The healthcare industry is still very much in the pubescent stages of data management and storage — experimenting with its new data capture proficiencies and what the general breadth of digital medical information means for care delivery. Nevertheless, it could stand to revel in its sophomoric state for a spell and be a bit more self-reflective, some experts opine.
According to panelists speaking at the preliminary roundtable for the Health IT Summit held in Boston on May 7, the tumultuous teen that is healthcare’s current data schema, while difficult, proffers promise in its immaturity — if only it could get back to its roots and “off the money.”
“This is a very immature market when we talk about data and data management,” said session moderator John Moore, founder and managing partner of Chilmark Research, LLC. But in this nubile angst is impressive adeptness toward rapid advancement and a general, core idea of who the effort is for — the patient — Moore added.
Keeping the patient at the heart of data decisions, while regarded paramount, does tend to fall apart in business practice, though.
“I think one of the issues is that everybody is aggregating the data and pulling it together for their own particular self-interest, and that’s a challenge,” said Rodney M. Hamilton, MD, chief medical information officer for Informatics Corporation of America. “When you think about who is the natural aggregator for patient data, what unit is the natural aggregator? It’s actually the patient. It’s not the provider organization, it’s not all these organizations that are trying to manage this population or that population.”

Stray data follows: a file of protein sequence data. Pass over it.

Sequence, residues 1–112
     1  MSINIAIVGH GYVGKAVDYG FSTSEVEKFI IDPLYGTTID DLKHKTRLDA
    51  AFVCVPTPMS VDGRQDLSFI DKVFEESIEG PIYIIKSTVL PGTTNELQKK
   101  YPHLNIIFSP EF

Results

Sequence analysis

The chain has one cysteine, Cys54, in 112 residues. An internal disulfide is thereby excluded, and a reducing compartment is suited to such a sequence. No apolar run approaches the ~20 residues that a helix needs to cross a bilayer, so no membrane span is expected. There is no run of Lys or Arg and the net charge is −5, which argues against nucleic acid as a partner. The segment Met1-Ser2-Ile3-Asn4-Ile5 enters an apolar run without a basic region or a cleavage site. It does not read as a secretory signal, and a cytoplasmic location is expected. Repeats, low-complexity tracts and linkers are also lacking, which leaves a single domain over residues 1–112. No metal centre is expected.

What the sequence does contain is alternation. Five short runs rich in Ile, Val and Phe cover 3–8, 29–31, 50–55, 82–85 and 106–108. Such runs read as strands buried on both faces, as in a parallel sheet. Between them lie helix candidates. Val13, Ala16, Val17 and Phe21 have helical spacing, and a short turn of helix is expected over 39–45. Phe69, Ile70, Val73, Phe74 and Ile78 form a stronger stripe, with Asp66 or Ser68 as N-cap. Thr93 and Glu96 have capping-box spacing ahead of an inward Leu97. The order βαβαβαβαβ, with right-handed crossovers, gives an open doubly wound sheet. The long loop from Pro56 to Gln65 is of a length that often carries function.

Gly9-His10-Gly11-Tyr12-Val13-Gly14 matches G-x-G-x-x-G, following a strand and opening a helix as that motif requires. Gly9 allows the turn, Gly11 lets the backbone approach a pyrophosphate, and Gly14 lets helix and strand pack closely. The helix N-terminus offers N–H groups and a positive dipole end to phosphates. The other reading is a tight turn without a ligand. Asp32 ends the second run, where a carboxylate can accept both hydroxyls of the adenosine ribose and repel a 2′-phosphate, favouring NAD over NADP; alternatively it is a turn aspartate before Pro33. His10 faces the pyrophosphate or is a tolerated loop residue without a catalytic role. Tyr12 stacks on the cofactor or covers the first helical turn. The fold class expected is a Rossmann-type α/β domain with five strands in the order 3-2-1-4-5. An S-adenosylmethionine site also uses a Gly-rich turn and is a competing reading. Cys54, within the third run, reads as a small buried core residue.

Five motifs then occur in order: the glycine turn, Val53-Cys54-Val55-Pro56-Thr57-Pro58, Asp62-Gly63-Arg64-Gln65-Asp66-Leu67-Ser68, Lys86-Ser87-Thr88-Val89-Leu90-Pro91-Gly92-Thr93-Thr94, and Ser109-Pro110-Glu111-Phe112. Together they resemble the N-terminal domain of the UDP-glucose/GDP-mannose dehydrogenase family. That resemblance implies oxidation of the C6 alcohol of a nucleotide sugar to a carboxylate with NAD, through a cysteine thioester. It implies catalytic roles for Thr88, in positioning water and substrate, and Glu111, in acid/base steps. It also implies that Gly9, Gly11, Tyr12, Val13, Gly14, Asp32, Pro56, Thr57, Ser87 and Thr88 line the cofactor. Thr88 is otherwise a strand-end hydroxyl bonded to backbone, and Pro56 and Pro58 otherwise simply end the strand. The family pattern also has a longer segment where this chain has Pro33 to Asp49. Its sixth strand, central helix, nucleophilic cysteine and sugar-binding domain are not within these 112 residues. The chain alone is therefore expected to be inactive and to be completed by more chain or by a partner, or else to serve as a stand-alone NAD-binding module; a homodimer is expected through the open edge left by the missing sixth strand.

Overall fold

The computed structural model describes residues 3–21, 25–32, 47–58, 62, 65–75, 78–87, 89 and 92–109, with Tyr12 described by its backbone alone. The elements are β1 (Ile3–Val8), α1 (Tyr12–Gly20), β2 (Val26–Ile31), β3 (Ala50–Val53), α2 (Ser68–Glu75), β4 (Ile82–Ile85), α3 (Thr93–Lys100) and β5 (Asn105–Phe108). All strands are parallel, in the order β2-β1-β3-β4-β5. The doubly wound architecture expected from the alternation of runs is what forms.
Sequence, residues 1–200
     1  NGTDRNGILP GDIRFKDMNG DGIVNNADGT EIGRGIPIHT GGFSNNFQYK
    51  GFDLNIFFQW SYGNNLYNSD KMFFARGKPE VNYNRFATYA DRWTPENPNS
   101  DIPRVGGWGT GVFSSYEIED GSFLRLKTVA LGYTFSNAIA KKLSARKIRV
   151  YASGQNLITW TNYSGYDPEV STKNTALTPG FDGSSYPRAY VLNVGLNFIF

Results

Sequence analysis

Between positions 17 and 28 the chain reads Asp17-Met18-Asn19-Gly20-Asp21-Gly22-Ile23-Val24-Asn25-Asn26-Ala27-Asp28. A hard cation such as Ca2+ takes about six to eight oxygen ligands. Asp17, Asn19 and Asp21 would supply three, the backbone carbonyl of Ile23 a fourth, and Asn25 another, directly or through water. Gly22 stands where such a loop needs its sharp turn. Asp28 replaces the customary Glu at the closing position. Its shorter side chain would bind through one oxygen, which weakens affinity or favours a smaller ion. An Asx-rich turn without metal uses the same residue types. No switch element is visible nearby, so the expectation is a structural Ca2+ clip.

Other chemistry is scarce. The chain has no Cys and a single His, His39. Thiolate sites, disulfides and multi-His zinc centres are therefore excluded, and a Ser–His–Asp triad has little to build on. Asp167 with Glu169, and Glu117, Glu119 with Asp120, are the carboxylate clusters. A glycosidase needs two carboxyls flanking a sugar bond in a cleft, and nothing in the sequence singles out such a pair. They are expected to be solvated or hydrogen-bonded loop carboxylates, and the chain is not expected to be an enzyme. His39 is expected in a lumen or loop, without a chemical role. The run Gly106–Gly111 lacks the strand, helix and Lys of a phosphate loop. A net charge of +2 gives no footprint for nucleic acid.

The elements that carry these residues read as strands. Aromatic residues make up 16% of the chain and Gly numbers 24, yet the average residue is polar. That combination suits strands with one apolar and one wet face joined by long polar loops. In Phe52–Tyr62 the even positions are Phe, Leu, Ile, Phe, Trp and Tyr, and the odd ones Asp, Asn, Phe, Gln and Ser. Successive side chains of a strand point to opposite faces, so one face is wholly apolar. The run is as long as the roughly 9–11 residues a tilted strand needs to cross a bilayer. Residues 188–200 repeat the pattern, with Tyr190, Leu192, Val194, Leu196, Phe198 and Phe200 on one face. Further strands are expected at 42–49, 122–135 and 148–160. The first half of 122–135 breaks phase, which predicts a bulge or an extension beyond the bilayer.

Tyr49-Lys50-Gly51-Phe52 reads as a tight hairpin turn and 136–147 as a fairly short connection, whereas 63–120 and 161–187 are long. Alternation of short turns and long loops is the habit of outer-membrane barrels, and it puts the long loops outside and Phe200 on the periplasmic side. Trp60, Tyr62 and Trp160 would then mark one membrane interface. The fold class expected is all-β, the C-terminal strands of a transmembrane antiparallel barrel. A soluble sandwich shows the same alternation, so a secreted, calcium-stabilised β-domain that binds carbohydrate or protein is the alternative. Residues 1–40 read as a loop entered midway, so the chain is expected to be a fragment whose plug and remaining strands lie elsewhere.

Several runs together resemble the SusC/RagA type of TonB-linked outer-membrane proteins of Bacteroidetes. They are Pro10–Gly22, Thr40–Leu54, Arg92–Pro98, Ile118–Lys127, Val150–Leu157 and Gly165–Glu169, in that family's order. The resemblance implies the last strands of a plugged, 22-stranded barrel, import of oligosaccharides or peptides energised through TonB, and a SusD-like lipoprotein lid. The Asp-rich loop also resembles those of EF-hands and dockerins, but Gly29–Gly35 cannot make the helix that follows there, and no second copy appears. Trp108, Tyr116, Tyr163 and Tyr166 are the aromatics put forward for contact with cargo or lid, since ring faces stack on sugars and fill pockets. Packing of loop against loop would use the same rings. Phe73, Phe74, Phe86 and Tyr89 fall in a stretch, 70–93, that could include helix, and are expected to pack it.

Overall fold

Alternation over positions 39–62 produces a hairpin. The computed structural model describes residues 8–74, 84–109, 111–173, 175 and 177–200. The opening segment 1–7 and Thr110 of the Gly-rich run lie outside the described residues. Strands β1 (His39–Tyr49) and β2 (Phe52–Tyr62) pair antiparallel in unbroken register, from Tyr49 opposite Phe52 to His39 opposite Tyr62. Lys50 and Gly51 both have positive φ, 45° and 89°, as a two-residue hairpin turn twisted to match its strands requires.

“We should aggregate more specifically around the patient; we add more portability at that patient level, not necessarily the institution level,” Hamilton added.
What does that look like? For starters, smarter, more frugal storage.
“Storing the data is a mechanism…but we shouldn't store everything in the same way,” noted Cara Babachicos, CHCIO, CIO of Community Hospitals and Non Acute at Partners Healthcare. Not only does data need to be captured to meet clinical needs, but it must follow more closely its aggregator through every level of care.
“We also need to figure out the cost of care across the continuum,” Babachicos continued. “A patient comes to Mass. General Hospital needing a total hip replacement and touches Spalding rehab, a SNIF and home care and still goes to outpatient therapy. What did that cost us over the continuum? We should be able to furnish that information and do it very easily so we just know what it costs to do business and we can make better clinical decisions.”
“There’s a level of information that probably really matters that should be shared, a sort of core data set that is probably the right focus level,” Hamilton said. “There [should] be a more conscious awareness of what really needs to be shared and what doesn’t, and in those cases when you need to dive in and have that granular detail, find a way to provide for that, but that is not the type of data that needs to be continually replicated and bounced all over the place.”
As a proper model, Hamilton pointed to imaging storage practices.